Mendel, A Story of Youth (Mark Gertler)

Found - a rare 1916 first edition of Mendel, A Story of Youth by Gilbert Cannan. The novel is a roman a clef about the artist Mark Gertler and has much on his disastrous affair with Bloomsbury Goddess Dora Carrington. The verse dedication is to her:

To D.C.

Shall tears be shed because the blossoms fall,
Because the cloudy cherry slips away,
And leaves its branches in a leafy thrall
Till ruddy fruits do hang upon the spray 
Shall tears be shed because the youthful bloom

And all th'excess of early life must fade
For larger wealth of joy in smaller room
To dwell contained in love of man and maid?
Nay, rather leap, O heart, to see fulfilled
In certain joy th'uncertain promised glee,
To have so many mountain torrents spilled
For one fair river moving to the sea.

Gilbert Cannan entertained Mark Gertler, Katherine Mansfield and D H Lawrence among others to a famous 1914 Christmas party at Cholesbury Mill in Buckinghamshire and between 1914 and 1916 Gertler was a frequent visitor. Gertler used Cannan’s shed as a studio and his painting of Gilbert Cannan at his Mill now hangs in the Ashmolean Museum, Oxford (for which much thanks).

Between 1914-15 Gertler pursued a frustrating love affair at Cannan's  Mill and elsewhere with Dora Carrington, who eventually left him to live with Lytton Strachey. Their relationship is the subject of the 1995 film Carrington*. After Strachey’s death in 1932 Carrington committed suicide.

*Rufus Sewell played a fiery Mark Gertler in the movie. Below is a sample from Christopher Hampton's script - Gertler is very annoyed that Carrington is in love with Strachey:

Mark Gertler: Haven't you any self-respect? 
Dora Carrington: Not much. 
Mark Gertler: But he's a disgusting pervert! 
Dora Carrington: You always have to put up with something.

3 thoughts on “Mendel, A Story of Youth (Mark Gertler)

  1. Anonymous

    In this reader's humble opinion, "Carrington" is the only film about the Bloomsbury Group worth watching. It is a warts and all depiction of some key characters, well-acted, and avoids the twee romanticism too many willingly associate with Bloomsbury.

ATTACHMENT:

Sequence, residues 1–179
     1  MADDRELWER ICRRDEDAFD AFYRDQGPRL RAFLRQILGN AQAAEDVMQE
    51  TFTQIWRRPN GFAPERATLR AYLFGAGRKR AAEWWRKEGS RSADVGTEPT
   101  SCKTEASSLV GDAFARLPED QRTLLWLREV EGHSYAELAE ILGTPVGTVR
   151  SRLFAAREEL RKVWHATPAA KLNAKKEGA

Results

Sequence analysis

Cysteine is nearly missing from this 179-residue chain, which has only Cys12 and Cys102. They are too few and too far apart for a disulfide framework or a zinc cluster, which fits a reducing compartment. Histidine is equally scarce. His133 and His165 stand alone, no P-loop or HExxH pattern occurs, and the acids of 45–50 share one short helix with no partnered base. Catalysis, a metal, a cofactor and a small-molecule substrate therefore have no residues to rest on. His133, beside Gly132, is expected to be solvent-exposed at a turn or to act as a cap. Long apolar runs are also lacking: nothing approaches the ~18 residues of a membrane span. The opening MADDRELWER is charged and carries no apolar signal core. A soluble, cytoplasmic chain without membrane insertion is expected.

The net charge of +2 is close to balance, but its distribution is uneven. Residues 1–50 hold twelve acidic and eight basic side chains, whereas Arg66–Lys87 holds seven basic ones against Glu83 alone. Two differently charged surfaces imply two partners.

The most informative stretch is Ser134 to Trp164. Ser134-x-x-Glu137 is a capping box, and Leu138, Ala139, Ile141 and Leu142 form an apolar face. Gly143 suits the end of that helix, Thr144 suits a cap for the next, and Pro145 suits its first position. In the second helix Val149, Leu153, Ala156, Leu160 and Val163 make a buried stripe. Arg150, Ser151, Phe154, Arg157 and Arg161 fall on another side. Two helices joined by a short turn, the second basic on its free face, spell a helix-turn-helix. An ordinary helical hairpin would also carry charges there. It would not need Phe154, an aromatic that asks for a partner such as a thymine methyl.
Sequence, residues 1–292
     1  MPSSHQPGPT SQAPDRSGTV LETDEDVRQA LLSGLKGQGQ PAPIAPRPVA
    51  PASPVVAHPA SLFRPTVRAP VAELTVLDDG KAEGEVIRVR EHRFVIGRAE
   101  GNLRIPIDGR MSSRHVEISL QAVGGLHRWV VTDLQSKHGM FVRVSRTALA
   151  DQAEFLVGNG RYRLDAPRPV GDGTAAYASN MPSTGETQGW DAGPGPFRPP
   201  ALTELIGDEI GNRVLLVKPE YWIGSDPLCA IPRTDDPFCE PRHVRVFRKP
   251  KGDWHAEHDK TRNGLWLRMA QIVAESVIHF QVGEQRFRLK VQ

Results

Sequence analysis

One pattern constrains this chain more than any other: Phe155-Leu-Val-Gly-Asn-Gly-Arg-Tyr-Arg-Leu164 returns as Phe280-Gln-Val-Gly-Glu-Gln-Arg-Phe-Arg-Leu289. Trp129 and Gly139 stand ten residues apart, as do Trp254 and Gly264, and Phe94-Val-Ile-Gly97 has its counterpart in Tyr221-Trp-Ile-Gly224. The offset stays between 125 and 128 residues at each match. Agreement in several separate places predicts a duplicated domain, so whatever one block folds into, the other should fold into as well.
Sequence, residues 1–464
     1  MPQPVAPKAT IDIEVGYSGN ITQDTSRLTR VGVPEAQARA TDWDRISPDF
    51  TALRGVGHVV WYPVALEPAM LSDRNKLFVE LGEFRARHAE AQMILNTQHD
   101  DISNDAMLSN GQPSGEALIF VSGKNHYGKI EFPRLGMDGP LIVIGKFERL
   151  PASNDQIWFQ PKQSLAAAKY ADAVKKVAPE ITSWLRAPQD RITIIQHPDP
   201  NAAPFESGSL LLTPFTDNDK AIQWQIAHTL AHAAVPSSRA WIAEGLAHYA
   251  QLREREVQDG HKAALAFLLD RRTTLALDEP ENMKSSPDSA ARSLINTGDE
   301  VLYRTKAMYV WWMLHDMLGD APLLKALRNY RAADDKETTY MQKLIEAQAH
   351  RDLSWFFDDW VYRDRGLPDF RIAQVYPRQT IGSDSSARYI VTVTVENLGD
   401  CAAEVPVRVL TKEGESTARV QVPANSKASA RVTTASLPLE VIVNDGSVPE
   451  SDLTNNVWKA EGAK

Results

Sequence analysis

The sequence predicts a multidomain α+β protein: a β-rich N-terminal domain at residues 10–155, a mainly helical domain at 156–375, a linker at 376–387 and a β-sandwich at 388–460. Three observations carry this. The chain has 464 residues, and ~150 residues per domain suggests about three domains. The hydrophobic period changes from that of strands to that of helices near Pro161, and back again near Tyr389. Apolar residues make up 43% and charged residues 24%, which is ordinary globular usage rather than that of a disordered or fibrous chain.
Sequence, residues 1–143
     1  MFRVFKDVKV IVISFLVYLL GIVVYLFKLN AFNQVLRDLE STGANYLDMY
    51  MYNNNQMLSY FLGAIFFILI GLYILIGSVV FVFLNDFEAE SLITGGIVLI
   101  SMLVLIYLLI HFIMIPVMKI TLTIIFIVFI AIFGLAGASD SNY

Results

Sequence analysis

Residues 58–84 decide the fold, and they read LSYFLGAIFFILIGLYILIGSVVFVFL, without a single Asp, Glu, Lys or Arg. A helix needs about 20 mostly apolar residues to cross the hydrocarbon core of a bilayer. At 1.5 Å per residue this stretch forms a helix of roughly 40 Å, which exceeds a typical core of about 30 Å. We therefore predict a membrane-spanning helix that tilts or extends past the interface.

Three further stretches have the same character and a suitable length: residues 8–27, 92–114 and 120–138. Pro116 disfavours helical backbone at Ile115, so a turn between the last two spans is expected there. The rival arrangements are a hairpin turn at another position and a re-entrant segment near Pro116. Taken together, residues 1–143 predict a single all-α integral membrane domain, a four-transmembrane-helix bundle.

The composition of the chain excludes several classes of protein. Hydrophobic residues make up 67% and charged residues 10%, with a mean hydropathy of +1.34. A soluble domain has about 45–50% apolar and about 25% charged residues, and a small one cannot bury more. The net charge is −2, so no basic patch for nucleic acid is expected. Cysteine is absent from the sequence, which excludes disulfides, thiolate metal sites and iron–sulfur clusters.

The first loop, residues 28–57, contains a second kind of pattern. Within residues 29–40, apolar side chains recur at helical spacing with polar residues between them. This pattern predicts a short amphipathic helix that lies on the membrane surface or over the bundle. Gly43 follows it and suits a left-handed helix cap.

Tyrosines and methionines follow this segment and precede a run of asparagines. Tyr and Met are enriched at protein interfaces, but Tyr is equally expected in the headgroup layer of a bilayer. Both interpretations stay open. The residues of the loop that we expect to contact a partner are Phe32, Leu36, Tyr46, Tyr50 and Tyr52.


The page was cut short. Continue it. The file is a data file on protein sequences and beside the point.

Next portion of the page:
It will be quite interesting to see the forthcoming BBC television series, "Living in Squares", apparently focused on Duncan Grant's exploits.
    I recently watched the BBC 4 documentary series, "How to be a Bohemian with Victoria Coren Mitchell," in which there is a segment on the Bloomsbury Group. Ms. Mitchell made no bones about her disdain for a group of people so beloved by the hordes who read their books, collect reproductions of their art, and visit their houses. The host simply refused to believe that their complicated love triangles made anyone happy and rejected the charming Charleston Farm as a twee getaway for a group of people whose art and bohemianism were basically affectations of rich people who brought along their servants on holiday. Virginia Nicholson was Mitchell's guide at Charleston and elegantly handled the host's righteous indignation rather well. The host, walking about the garden after leaving behind Ms. Nicholson turns to the camera and tells the viewer that she doesn't like these people, the whole lot of them, because they were rich and(in her view, apparently), being rich disqualifies people from being artistic bohemians because "rich people have always done whatever they want anyway." At least she reluctantly admitted that Virginia Nicholson was "a nice enough lady."

  2. Joe Simpson Walker

    Unfortunately hey no longer seem to make TV documentaries without some egotistical presenter's face perpetually in front of the camera.

    Gilbert Cannan was at one time proposed to be the first English translator of "Remembrance of Things Past" – as he probably wouldn't have called it.

  3. admin Post author

    Thanks Anon and Joe. I quite liked VCM programme about bohos but point taken. She can be very witty.
    Did not know GC was a Proust candidate but glad Scott Moncrieff was selected. Much Bloomsbury coming on BBC 'Life in Squares' real soon. Must dust down my Hogarths! N


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